Many of my good friends have probably heard me rant about my dislike for the endless, uninventive sequels to large box office successes that are released every summer. I still like to operate under the notion that sequels should be reserved for stories that have the potential to grow on a emotional level for the main characters and ones that can take the topics and themes of the original and expand on them in a way that is beneficial to the viewer of the film. Terminator 2, Aliens, and even How to Train Your Dragon 2 were all successful sequels in my opinion because they either presented new themes and dynamics but in a similar style to the original, or they took the already existing themes and expanded on them in an intellectual advancement. There are some sequels in this world that, quite frankly, we just don’t need. The Transformers series should’ve stopped after the massive disappointment that was the second entry. While it may be hard to imagine finding meaning and purpose in a world that doesn’t have five, yes five, Police Academy films, I think I might be able to soldier through if they had stopped after the second film. There seems to be this trend that as a series of films continues the more the films decrease in quality. While the Terminator and Shrek series gave us strong entries for the first two films, even they couldn’t bring successful or meaning stories for the third entries and beyond. Terminator Genysis, which came out earlier this year, was not only the worst Terminator film ever, but also one of the worst movies I have seen this year. It is nearly an impossible task, or mission let’s say, to create any relevant and entertaining films in the fourth entries of a series and beyond. It seems fitting then that Mission Impossible would be the one franchise to be the exception to this rule.
The first three Mission Impossible films were decent action adventures, with the third one being the best in my opinion. When the fourth entry, Ghost Protocol, was set to come out in 2011, it was needless to say that I was skeptical about how the film would stack up to the first three; I was convinced the series had reached its expiration date. Somehow, the fourth film superseded everything the first three films did and breathed new life into the franchise. When it was time for the fifth movie to be released, again I was skeptical, thinking that the fourth film was just a one off. Instead, this new entry, Rogue Nation, has managed to continue the quality of Ghost Protocol, and be the second best film in the series of Mission Impossible films. Granted, while this film is not as good as Ghost Protocol was, it still has all the enjoyable characteristics we have come to love of the Mission Impossible franchise, as well as creating its own original themes and ideas that allow it to stand separate from all the others. The action sequences are unique and as entertaining as ever, and the script isn’t torturous to listen to like the one from Jurassic World was. It may not stand out as a brilliant action film like Mad Max did earlier this year, but it is entertaining enough to be enjoyed for multiple viewings and reminds us that Tom Cruise, albeit now 53 years old, is still the king of action movies.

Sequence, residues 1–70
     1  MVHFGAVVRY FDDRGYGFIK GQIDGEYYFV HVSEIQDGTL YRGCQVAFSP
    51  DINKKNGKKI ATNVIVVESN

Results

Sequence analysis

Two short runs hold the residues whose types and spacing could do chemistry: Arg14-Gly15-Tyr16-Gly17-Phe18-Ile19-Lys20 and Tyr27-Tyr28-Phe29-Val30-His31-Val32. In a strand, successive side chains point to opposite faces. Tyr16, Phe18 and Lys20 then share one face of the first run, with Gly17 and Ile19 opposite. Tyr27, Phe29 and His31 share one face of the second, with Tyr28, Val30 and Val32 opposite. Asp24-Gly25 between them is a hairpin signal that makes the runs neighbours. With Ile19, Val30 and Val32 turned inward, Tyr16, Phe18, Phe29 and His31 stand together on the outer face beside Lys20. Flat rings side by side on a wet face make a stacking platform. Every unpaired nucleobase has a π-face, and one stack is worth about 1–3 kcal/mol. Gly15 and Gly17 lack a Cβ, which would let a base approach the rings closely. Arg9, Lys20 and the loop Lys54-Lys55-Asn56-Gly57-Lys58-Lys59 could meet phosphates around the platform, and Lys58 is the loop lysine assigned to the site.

I still don’t like sequels, especially ones that are created for the sole purpose of making money. Film is a form of art and should be held to that high standard rather than the commercial standard too many production companies seem to be obsessed with nowadays. I still stand by notion that most film franchises reach their expiration date after the release of the second or third films; however, it is nice to know that there can still be an exception to this rule. I think it would be good for the Mission Impossible franchise to quit while they are ahead, but if they can continue to make worthwhile summer action films that aren’t incredibly painful to sit through, they by all means let them keep filming.
Mission Impossible Rogue Nation (2015): 3/4 stars